by Kent Sterling
Most GMs would sell their children for another win or two, so if Tebow was a guy who could provide that, he would have a gig. All else being equal though, there is no chance that a GM is going to invite endless national media scrutiny, phone calls, and the irrational level of support Tebow prompts.
When the point that Tebow places last in completion percentage for any quarterback who has started 14 games since 2010 is answered by, “Well, he’s a great Christian who has won!” or worse, “He won at Florida!”, a smart person knows any chance for a reasonable discussion is over.
When it’s mentioned that once the NFL figured out how to defend the Tebow led offense, the Denver Broncos went 1-4, the answer is always that the one win was in the playoffs against Pittsburgh.
To make this extra simple, let’s remove all the mechanical issues about his arm motion and lack of accuracy – although those are certainly the primary issue in explaining the reluctance of NFL GMs in welcoming Tebow to his third team in four seasons.
The reason teams will avoid Tebow like the plague, ironically, is the plague of his supporters who will not stop their incessant jabbering about how Tebow is never given the right opportunity with the right team at the right time. Because he leads such an upstanding and chaste life, Tebow is deserving of a chance to be his best chance to win.
They are like a million cackling youth sports parents who won’t stop whining to coaches that their little Timmy doesn’t get what he deserves because no one understands how special he is.
Never mind that the coach has no skin in the game, and wants only what’s best for the team. He’s an idiot because a son is by definition better than his parents.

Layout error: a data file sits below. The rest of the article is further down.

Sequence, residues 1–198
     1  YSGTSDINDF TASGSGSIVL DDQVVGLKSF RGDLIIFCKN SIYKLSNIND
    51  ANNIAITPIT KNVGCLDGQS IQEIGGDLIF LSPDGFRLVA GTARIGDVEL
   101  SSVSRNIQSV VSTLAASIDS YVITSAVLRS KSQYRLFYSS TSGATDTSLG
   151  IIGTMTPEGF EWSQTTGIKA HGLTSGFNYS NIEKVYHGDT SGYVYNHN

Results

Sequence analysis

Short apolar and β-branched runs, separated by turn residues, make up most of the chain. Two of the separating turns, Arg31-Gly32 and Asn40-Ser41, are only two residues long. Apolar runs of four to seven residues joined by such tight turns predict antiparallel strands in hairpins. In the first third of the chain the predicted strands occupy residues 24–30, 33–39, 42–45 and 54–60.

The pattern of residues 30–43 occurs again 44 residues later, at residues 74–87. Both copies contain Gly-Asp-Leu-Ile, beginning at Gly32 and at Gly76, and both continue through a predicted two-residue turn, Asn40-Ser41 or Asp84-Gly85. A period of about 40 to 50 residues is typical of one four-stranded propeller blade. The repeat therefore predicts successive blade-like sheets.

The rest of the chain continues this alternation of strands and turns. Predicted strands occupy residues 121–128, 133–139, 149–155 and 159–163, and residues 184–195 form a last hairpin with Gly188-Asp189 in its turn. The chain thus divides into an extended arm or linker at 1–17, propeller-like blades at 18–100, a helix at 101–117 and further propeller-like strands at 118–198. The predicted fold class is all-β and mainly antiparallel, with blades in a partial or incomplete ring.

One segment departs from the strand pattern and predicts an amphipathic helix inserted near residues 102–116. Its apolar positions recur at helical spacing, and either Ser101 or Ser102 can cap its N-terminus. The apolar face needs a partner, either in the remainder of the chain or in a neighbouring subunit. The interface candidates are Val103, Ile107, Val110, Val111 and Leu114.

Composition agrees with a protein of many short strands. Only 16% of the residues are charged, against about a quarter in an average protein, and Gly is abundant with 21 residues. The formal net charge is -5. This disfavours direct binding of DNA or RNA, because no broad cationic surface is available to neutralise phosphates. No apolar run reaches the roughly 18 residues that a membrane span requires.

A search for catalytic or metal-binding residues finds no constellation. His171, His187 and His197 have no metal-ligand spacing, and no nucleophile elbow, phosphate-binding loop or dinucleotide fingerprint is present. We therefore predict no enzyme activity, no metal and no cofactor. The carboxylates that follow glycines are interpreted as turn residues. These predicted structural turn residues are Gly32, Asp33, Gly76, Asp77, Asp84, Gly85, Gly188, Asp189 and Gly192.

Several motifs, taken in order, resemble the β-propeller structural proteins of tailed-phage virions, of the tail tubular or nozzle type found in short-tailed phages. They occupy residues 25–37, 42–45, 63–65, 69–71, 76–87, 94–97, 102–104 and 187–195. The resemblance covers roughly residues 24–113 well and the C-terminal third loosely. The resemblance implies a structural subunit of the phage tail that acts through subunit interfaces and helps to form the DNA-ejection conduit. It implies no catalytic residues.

Parents are the worst part of youth sports for the same reason Tebow supporters are the worst part of doing business with Tebow. They believe that with volume + number of fans = logic, and GMs who would buy into that kind of math are doomed.
1070 The Fan’s Dan Dakich has spent a lot of time talking about a caller he dealt with this week by saying, “You can’t argue with stupid.” He’s right, but it’s broader than that. You can’t argue with passion – whether it’s for a team, religion, nationality, or other polarizing belief.
People who share beliefs are smart, and people who believe the opposite are morons. Most of the world’s wars have started as a result of sparring beliefs, and Tebow’s presence on a team invites the passionate support that makes not playing a guy miserable.
A group in Jacksonville sealed Tebow’s fate as a guy who will never play for the Jaguars by starting a petition on www.whitehouse.org. Football players whose fans start petitions to get them a job are never good candidates.
The kind of people who believe a petition will change the mind of a guy trusted to run an NFL franchise likely worth more than $1-billion (20 are currently at or above that level) are never going to be deterred on their quest, and sadly for Tebow, that makes a career as a quarterback impossible.
The fans of Tebow are to Tebow what Sarah Palin is to the Republican Party. The guilt by association is too powerful to overcome.